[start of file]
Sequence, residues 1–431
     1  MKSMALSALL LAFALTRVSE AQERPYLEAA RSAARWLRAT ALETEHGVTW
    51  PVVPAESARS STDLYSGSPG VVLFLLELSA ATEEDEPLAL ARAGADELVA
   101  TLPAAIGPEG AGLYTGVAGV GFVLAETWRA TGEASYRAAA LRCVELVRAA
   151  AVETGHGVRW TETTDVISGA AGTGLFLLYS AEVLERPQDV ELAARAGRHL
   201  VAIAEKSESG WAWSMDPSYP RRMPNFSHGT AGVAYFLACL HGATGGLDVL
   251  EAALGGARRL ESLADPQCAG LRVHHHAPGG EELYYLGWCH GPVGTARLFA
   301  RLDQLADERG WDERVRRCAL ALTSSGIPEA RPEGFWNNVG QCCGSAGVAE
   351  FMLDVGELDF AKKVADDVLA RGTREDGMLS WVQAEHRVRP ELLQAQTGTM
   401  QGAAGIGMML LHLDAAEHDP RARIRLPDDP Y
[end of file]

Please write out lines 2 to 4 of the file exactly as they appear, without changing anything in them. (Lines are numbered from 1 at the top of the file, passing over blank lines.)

     1  MKSMALSALL LAFALTRVSE AQERPYLEAA RSAARWLRAT ALETEHGVTW
    51  PVVPAESARS STDLYSGSPG VVLFLLELSA ATEEDEPLAL ARAGADELVA
   101  TLPAAIGPEG AGLYTGVAGV GFVLAETWRA TGEASYRAAA LRCVELVRAA